Intel TPMI Linux Driver Published To Enhance Power Management Handling


Intel engineers this week published new Linux open-source driver code for TPMI, the Topology Aware Register and PM Capsule Interface. Intel TPMI for seemingly future processors will allow for more streamlined power management handling and other enhancements over the way the Intel power management drivers currently function.

Intel’s Topology Aware Register and PM Capsule Interface (TPMI) is described as being a flexible, extendable, and PCIe-enumerable MMIO interface for power management features. Those features are currently focused around Intel Speed Select Technology (SST), Running-Average Power Limiting (RAPL), and Intel Uncore frequency scaling.

Intel TPMI

Making use of the Intel TPMI by the Speed Select driver code allows replacing all the existing mailbox commands with direct MMIO access, which can lead to lower latency for Intel Speed Select handling and also an architectural interface that is said to «persist for several next generations» to ensure the Speed Select Technology is more easily supported across future processors.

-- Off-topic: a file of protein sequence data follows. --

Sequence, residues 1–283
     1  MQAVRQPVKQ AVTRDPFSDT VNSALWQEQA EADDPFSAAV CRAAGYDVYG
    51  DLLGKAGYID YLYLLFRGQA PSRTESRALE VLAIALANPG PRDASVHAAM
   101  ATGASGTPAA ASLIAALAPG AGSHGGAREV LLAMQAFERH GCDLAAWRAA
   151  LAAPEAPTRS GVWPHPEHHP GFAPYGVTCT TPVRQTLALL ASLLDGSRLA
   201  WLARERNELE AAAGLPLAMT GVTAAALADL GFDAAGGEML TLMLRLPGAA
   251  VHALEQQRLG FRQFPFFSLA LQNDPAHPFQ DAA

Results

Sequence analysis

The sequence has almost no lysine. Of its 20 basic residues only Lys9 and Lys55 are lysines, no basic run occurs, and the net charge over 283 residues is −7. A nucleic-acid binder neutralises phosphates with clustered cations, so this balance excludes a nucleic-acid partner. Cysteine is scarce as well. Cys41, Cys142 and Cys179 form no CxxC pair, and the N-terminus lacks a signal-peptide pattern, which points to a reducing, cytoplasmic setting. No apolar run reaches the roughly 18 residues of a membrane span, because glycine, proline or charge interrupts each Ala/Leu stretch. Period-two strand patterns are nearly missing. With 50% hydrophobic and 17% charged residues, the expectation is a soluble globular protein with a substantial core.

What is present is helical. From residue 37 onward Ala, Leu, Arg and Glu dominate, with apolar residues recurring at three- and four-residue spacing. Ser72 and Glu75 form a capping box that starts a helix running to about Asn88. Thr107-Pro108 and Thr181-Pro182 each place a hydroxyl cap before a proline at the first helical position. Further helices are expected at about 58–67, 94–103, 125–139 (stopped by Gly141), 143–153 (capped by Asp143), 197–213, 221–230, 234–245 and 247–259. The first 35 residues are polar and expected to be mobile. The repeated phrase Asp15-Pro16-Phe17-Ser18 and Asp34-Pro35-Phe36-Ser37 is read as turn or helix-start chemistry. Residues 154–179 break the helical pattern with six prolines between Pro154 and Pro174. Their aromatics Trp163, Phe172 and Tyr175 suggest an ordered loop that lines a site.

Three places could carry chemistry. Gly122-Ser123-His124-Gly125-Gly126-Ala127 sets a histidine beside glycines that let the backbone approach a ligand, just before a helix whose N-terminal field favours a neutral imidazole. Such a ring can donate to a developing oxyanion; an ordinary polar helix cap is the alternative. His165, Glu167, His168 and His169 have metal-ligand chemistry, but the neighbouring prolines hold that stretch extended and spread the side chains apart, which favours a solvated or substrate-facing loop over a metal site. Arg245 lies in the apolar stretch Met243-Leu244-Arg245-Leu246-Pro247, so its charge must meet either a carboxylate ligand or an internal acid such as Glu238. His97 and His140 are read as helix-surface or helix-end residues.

For the Intel RAPL code leveraging TPMI’s MMIO interface allows bypassing the existing need of scheduling a thread on the target CPU to read/write and also more unified support across CPU models. Intel RAPL supporting the TPMI interface is said to no longer require any model-specific information.

With the Intel Uncore frequency scaling too, making use of TPMI is expected to avoid all the model-specific handling currently relied upon by the driver.

Sent out this week was this LKML patch series establishing the base Intel TPMI driver that will in turn be used by the various Intel power management driver code moving forward. The patch comments don’t outline when/where TPMI support will premiere, but given that Intel is only now publishing this code and they already wired up RAPL and friends for Sapphire Rapids with the existing implementation, presumably this TPMI feature is being introduced with Emerald Rapids or Granite Rapids — to which Intel engineers have recently begun posting a lot of new EMR/GRR enablement code. With this week’s kernel patches is also the first time I’ve heard of this Intel «TPMI» feature as had Google.